(CNN) -- A New Mexico man held in solitary confinement in a county prison for nearly two years without ever being prosecuted has won a $22 million jury award for violation of his constitutional rights, officials said.
It is one of the largest federal civil rights settlements in history involving an inmate. Stephen Slevin alleged he was essentially forgotten while in custody.
"This has never been about the money," Slevin said in a halting voice outside the federal courthouse in Santa Fe, just after the jury's decision.
He suffers from post-traumatic stress from what he called physical and mental mistreatment by corrections officials in Dona Ana County, in the southern part of the state.
"We made a statement about what happened to me," he said of the verdict.
Slevin, 58, was arrested in August 2005 and charged with driving while intoxicated and receiving a stolen vehicle near Las Cruces. His lawyers said the prison segregated him because he had a lifelong history of mental illness.
Albuquerque civil rights attorney Matthew Coyte said his client then began to deteriorate while in isolation.
"They threw him in solitary and then ignored him," said Coyte. "He disappeared into delirium, and his mental illness was made worse by being isolated from human contact and a lack of medical care."
Slevin's lawsuit alleged he became malnourished, lost significant weight, developed bedsores, fungus and dental problems and was not aware of his situation or surroundings.
He was transferred to another state facility for two weeks, where he was given a psychiatric evaluation and then sent back to the Dona Ana County Detention Center, where he was again placed in solitary confinement. Coyte said Slevin did receive a brief competency hearing a year into his imprisonment, but the case against the man never proceeded.
After 22 months as a pre-trial detainee, Slevin was released and the charges dismissed. He then filed suit, claiming his rights of due process were violated since he was not given a hearing before being placed in solitary confinement.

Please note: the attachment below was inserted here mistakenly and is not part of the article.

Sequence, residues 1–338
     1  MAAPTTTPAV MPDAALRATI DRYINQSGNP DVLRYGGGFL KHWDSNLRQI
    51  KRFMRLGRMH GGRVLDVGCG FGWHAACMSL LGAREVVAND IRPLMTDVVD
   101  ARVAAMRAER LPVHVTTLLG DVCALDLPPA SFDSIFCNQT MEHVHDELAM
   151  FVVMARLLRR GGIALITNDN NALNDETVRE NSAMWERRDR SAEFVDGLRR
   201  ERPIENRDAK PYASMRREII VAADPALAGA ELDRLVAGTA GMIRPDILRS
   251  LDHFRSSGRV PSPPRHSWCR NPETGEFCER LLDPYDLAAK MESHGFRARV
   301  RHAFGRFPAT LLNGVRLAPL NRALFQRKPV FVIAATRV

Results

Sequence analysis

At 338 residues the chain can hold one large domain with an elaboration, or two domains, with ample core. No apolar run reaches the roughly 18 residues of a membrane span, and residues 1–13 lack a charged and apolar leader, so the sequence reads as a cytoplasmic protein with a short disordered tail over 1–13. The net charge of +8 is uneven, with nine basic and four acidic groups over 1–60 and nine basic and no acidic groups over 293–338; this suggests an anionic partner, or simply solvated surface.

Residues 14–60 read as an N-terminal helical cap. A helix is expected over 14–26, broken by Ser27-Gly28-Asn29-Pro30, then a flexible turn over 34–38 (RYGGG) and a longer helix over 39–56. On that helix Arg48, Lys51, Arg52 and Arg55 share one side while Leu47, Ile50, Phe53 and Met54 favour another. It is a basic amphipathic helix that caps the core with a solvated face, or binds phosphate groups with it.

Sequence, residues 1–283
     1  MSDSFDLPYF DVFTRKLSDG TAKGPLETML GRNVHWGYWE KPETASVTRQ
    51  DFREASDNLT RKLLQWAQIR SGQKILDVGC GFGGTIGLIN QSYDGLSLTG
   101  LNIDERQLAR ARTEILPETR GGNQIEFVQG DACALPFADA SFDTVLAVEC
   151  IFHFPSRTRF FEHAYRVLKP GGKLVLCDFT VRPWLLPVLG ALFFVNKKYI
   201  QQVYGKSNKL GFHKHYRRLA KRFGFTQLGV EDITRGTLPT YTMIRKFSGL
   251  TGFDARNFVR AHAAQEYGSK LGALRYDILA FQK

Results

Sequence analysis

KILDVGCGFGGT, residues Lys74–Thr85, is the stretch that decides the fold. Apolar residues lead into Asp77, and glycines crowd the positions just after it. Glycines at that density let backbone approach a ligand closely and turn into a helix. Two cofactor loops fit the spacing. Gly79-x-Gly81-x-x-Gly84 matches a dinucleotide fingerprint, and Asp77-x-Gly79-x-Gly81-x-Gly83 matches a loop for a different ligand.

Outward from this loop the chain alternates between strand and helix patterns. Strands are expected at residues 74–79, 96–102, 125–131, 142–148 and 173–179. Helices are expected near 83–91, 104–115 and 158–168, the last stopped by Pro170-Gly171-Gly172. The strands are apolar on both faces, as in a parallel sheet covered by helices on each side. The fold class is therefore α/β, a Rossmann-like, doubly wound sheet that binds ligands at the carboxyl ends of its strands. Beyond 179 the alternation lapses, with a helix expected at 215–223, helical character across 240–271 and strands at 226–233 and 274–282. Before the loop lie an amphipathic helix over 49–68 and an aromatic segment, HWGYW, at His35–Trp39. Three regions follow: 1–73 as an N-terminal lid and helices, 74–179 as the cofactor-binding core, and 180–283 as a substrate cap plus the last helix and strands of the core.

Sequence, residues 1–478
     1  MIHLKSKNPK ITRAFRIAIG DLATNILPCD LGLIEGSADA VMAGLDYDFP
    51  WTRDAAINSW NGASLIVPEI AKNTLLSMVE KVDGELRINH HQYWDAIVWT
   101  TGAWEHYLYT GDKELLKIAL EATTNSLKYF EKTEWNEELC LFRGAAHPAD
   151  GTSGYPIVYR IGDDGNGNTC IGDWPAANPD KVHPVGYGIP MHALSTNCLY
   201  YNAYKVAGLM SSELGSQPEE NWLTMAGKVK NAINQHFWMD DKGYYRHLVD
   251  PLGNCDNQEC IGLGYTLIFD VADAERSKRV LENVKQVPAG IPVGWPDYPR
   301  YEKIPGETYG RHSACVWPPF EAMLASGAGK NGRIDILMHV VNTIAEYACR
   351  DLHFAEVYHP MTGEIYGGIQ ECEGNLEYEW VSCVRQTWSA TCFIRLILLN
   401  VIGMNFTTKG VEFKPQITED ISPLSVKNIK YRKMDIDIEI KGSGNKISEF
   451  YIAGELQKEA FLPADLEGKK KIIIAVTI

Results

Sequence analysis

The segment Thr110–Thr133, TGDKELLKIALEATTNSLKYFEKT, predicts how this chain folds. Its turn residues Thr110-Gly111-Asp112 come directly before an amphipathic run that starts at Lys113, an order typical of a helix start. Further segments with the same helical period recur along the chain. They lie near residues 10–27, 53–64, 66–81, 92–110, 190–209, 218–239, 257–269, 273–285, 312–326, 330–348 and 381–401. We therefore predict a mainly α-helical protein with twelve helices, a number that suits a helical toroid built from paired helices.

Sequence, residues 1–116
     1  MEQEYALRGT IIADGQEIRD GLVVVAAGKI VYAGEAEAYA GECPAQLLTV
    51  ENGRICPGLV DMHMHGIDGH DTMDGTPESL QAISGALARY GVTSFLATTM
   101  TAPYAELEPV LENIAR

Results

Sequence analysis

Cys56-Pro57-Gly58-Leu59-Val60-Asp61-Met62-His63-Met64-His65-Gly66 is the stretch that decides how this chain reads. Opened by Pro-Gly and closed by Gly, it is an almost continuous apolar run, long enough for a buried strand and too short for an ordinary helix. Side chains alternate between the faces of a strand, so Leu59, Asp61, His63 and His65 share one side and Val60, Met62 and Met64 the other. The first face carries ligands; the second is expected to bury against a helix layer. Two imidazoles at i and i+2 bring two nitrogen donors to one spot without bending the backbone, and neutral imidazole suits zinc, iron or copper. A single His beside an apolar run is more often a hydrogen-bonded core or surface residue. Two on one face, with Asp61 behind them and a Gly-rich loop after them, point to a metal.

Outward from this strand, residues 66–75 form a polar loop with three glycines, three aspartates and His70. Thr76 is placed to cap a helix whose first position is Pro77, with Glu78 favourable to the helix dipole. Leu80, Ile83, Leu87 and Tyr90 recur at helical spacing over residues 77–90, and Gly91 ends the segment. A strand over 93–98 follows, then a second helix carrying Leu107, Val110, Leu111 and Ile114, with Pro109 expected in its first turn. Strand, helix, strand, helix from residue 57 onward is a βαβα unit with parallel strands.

Photos taken before and after his confinement show dramatic appearance changes. The plaintiff said things were so bad he was forced to pull his own tooth while in custody, and that his pleas for help were dismissed.
In pre-trial motions, the county denied "that there was lack of medical care. For most of the other allegations, officials either denied them or said they were "without knowledge or information sufficient to form a belief" of the veracity of the claims.
The defendants also said Slevin waited too late to file his suit, and that as government employees, county officials deserved immunity from liability, believing they acted in good faith as to Slevin's treatment in custody.
The county had refused any public comment before the trial. There was no immediate reaction to the verdict from county officials.
Slevin's legal team said the county in recent days had offered to settle the case for $2 million, just before the jury went to consider a verdict and award.
Coyte told CNN he hopes Slevin's court victory will send a message throughout the state for more humane treatment of inmates, especially those with mental or physical issues.
Slevin continues to have serious medical issues, and is fighting lung cancer, his lawyer said.
The case is Slevin v. Board of County Commissioners of Dona Ana County (1:08-cv-01185).